Sunday afternoon saw one of the most tactically fascinating games of the 2012/2013 season with Tottenham coming out on top in a 3-1 victory over Manchester City at White Hart Lane. A crazy 6 minute stretch deep into the second half saw Spurs cancel out Samir Nasri’s early goal, take the lead and ultimately seal the deal with a delightful finish from Gareth Bale.
Tottenham showed their new found reliance under the leadership of André Villas-Boas at just the right time, hounding Roberto Mancini’s men into sloppy concessions of the ball which ultimately lead to their demise. Tottenham’s unwavering desire coupled with interesting tactical decisions from the manager decimated a lacklustre City side, whilst revealing hidden dynamics to this Spurs team, so what did we learn?
Spurs must shift to a 4-3-3 formation ASAP
In recent months we have witnessed the undeniable decline of one Scott Parker. Named football writer’s player of the year last season, Parker has looked a shadow of his former self this season.
Parker is slower, far less efficient in the tackle and is completing only 83% of his passes, not great for a player who more often than not opts to play simple short passes with little aggression or attacking intent. Parker has also shown a tendency to slow play down to walking pace and pirouette over extravagantly with the ball at his feet looking for options. A major catalyst in Spurs’ dramatic turnaround against City was the introduction of Tom Huddlestone and Lewis Holtby into the game on the 60th minute.
The fluidity of Spurs play picked up as the side transitioned into a 4-3-3 formation, with Tom Huddlestone moving into the anchor man role, flanked by Mousa Dembélé and Lewis Holtby on the inside channels.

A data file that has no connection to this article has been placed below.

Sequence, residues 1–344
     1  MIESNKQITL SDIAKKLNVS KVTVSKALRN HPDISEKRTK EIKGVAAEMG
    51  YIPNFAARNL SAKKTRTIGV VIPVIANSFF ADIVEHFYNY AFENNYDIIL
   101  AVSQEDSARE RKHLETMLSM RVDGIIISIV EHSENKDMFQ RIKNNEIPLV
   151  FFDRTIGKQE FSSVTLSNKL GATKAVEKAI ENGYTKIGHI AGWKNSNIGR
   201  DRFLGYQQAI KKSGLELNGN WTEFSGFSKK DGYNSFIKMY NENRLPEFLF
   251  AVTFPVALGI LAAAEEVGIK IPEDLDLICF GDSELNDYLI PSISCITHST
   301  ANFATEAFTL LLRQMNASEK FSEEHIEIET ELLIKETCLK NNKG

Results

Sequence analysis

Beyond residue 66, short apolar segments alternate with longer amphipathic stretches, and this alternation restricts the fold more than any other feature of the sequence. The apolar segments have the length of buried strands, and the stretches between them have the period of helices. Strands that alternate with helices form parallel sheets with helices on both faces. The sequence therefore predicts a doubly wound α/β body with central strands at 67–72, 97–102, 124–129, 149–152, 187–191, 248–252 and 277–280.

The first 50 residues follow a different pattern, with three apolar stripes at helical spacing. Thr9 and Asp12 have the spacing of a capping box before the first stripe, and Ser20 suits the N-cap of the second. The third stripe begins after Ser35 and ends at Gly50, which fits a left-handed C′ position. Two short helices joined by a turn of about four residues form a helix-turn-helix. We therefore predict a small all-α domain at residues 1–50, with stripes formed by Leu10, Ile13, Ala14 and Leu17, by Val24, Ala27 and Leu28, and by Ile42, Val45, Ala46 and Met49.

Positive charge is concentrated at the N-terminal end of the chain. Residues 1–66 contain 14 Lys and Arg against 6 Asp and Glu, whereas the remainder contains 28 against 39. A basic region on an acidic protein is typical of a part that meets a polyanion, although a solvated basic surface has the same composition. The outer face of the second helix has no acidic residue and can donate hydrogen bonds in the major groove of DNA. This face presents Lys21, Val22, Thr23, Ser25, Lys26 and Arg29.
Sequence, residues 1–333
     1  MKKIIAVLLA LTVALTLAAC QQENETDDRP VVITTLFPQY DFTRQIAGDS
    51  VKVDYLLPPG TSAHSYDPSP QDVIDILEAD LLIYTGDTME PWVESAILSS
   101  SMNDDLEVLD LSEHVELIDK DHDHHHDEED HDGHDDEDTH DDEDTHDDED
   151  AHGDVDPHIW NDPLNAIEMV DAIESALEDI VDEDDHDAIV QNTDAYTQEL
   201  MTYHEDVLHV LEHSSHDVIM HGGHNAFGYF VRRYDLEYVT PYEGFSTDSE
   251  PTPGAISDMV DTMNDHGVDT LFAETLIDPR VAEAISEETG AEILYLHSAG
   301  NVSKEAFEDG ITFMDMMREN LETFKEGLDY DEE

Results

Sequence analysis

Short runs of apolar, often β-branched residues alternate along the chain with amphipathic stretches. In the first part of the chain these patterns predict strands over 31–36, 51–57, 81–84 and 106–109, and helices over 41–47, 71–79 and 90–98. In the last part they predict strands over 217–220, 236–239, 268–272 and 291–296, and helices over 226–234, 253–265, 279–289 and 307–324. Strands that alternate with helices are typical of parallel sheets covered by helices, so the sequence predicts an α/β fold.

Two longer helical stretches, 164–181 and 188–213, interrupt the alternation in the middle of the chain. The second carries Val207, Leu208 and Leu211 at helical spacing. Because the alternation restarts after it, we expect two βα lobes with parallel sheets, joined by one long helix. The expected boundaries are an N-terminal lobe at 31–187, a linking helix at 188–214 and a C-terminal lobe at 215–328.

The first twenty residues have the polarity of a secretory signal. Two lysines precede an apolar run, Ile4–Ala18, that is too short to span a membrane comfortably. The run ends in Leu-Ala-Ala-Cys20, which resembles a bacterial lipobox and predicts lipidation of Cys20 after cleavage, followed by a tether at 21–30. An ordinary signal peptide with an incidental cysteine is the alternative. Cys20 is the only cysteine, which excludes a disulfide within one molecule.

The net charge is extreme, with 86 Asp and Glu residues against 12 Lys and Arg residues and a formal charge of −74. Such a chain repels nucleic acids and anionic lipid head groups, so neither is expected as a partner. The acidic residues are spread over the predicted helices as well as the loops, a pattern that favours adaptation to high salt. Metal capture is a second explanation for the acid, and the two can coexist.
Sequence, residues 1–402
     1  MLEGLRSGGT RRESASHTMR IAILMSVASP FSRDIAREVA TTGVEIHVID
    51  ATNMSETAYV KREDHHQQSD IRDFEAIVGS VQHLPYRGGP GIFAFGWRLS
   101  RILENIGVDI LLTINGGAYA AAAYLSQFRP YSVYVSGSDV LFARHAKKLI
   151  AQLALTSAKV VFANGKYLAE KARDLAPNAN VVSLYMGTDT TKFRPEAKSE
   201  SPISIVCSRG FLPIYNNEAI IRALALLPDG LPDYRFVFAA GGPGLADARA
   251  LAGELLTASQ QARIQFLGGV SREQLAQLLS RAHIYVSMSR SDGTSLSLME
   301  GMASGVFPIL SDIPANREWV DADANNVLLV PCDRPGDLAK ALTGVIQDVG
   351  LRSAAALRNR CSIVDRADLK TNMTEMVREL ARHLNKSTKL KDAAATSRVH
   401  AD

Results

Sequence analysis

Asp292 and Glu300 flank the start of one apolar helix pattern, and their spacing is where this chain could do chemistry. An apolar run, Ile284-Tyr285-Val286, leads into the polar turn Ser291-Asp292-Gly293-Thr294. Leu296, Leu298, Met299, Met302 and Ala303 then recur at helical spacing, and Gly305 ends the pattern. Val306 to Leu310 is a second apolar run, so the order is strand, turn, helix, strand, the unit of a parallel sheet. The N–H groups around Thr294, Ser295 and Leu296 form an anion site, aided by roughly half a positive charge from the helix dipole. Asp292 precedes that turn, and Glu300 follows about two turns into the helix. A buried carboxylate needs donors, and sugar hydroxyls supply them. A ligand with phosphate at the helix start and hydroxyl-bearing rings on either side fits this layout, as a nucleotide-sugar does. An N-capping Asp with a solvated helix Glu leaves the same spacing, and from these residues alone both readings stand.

This transition allowed Huddlestone to play the deep lying playmaker role and use his incredible passing range to pin City back, every ping of the ball from Tom forced the Manchester City back line to frantically shuffle from one side to another because of the vertical nature of these passes.
This also meant more room for Mousa Dembélé to exploit as the advanced playmaker, using his immense dribbling skills to commit defenders, creating 2 chances in the process.
Holtby used his clever incisive passing in a ball circulation role, spreading the ball around to players making useful runs; as a result he too created 2 chances, grabbing one assist.
Set up in this manner, Tottenham’s players were able to vertically penetrate Manchester City’s defence with direct passing and dribbling which the likes of Vincent Kompany in particular struggled to cope with.
Spurs morphed into a chance creating machine in the last 20 minutes of the game, chances which they have struggled to create on a consistent basis at home this season, but could this system be the answer?